I knew this was coming. An assignment to create a social media policy. I’ve danced around this topic before – not in a grad class but when I worked in a marketing and communications department not so long ago. And the topic has followed me to my new position as an instructional designer. Why should an ID be concerned with social media policy? Because the technology cuts through so many parts of a community college and what goes on in and out of the classroom. Plus I teach online marketing and social media, I use social media in my courses and I am fairly active on social media myself – mostly professionally. So I should know what I can and cannot do as an employee at my institution, as an instructor in my classes and as a student in my graduate program. I get to see all sides of this.
We do have a social media policy at the college- or more like a set of guidelines (like a pirate’s code?), but after reading and discussing some of the resources I’ve seen this week, well… we need something more definitive in my opinion. Our current guidelines come from our marketing department and they are a good set of things to do to be successful in your social media attempts, and how to stay safe and polite, and ways not to get the college into trouble. But they don’t carry much context and really don’t cover student use of social media. For a very long time, the college didn’t have a handle on what departments were posting in the name of the college, and didn’t think much about social media until they started using Facebook and Twitter themselves as a recruiting and engagement strategy for students.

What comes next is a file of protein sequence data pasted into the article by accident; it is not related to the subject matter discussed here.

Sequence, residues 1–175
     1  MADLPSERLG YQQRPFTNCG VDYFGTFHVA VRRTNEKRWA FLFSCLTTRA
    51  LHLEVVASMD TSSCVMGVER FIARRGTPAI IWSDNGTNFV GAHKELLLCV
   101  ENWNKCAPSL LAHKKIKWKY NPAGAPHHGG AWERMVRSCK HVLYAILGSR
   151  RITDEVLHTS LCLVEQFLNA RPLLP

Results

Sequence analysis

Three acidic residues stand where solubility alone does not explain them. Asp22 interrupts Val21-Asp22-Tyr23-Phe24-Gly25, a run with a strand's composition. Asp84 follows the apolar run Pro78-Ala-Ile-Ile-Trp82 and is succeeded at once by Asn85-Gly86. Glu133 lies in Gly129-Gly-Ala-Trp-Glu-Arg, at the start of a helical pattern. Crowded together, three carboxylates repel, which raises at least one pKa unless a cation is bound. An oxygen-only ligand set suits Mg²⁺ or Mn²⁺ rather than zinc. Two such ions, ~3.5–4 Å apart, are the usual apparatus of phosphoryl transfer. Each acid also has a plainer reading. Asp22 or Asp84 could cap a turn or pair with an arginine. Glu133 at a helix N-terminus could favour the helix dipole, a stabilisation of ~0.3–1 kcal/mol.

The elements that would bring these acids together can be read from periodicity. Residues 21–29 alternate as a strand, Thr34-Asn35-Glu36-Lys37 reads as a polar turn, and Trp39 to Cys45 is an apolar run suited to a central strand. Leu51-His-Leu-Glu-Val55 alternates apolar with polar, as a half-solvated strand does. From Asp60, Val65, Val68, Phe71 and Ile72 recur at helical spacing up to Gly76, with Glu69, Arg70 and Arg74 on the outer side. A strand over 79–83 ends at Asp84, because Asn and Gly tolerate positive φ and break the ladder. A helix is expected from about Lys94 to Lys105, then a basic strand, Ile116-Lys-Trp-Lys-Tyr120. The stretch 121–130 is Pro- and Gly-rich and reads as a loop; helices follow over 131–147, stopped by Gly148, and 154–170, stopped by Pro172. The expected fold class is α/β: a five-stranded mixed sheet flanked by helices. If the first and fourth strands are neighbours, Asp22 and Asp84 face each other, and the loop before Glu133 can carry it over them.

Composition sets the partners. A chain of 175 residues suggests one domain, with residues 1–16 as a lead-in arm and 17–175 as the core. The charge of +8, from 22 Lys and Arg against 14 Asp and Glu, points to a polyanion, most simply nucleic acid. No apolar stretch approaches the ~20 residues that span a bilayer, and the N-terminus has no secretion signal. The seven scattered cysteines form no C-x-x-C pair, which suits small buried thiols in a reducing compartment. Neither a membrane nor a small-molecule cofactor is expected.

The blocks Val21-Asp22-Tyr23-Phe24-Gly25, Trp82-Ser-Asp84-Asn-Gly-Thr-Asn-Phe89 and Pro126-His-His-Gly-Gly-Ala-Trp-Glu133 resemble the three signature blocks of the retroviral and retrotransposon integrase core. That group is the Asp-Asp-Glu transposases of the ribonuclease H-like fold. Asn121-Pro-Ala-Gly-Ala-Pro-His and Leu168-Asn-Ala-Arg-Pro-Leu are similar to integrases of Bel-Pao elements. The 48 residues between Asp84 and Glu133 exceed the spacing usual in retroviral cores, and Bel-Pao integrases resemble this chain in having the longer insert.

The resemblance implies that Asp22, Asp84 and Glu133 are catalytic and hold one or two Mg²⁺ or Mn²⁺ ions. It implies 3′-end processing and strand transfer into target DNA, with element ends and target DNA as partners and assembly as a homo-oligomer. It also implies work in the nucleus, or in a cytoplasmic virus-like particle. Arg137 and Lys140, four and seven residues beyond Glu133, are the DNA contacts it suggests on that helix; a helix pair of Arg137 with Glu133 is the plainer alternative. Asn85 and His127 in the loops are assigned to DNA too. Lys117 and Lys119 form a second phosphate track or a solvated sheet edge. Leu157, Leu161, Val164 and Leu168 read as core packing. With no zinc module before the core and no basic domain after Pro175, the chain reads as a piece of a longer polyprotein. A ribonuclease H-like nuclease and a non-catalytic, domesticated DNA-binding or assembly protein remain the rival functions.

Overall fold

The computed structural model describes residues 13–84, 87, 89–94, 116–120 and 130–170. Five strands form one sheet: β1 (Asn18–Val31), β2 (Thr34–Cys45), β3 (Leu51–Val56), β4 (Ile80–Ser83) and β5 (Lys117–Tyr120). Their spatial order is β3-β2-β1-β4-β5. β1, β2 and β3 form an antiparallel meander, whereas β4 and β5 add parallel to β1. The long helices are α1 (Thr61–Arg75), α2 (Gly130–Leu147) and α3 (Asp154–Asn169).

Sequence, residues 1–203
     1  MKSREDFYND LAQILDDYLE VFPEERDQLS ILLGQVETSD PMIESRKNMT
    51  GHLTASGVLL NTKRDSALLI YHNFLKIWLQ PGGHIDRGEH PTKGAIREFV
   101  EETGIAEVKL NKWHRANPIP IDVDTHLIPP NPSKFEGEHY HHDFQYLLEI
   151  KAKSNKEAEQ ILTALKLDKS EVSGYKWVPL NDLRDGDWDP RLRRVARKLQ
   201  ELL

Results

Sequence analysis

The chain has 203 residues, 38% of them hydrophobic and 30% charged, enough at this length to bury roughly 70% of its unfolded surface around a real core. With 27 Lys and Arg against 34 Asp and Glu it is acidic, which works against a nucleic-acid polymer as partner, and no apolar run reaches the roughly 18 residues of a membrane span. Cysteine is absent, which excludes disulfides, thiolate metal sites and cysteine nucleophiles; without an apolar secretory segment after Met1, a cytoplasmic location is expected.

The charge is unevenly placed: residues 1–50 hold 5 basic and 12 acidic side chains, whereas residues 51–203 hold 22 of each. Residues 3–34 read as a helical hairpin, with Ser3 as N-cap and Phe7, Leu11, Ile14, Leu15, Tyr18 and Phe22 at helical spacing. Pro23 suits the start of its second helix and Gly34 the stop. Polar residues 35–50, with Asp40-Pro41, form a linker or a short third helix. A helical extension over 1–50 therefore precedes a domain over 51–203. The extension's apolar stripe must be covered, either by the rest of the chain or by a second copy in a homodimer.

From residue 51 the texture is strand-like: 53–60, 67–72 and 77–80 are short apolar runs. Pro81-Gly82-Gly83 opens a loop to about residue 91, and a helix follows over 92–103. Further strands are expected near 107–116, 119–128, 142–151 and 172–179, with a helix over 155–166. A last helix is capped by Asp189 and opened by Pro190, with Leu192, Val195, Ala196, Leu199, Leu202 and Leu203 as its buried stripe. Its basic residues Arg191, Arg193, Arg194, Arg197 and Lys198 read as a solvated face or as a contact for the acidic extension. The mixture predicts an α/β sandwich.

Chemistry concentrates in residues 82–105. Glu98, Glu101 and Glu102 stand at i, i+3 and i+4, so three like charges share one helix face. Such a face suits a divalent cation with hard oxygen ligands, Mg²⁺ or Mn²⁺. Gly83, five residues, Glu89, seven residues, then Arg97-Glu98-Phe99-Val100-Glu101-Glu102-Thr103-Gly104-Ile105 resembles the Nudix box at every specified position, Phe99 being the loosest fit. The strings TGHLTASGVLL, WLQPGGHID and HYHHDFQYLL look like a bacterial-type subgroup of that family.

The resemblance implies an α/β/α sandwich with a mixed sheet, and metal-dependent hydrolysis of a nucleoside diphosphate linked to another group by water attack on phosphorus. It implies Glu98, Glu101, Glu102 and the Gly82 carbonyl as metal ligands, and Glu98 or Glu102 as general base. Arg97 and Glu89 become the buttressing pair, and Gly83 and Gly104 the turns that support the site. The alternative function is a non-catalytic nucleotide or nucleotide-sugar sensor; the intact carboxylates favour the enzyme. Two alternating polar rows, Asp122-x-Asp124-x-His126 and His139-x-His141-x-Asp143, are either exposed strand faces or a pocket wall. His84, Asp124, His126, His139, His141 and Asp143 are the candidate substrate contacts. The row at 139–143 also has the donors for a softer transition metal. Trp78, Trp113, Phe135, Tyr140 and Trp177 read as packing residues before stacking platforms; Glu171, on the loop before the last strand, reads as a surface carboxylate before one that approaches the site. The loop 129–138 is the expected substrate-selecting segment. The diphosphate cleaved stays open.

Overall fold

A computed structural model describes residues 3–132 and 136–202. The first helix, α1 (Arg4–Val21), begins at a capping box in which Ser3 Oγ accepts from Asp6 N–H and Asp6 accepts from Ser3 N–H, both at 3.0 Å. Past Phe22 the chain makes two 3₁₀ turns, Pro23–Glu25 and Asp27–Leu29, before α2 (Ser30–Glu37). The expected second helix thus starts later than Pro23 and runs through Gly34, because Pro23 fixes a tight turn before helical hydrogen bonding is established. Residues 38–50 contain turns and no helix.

I did some research a few years ago to help the marketing department put together the original guidelines – they have really stayed at the level of guidelines with no one group stepping up to take on the making of true policy. But it might be time to revisit and revise the standards of social media use at the college. Of the several community college sites I visited, I found some common themes among their stated policies:
- they had clear definitions of what social media was
- they had policies for student use as well as institutional use
- policies equally addressed student and employee conduct as well as compliance with state regulations on posting and sharing of sensitive information
- helpful guidelines were in place not to discourage use of social media, but to encourage responsible use of it. There was a general recognition that social media was a powerful communication tool that could be used in many contexts within a college environment.
If this were to be presented formally, I would first talk to the Marketing and Communications department. That is where the original guidelines came from and are the likely candidates to eventually take a more formal proposal to the college community as a whole. We have a shared governance, council structure in place at the college for the creation of policies and procedures so the next step would likely be with the college Cabinet Council. That group meets regularly to review and update institutional level policies such as this so I’m confident they would be involved in the review and revision of a social media policy.
You can follow this link to read it my shared Google doc: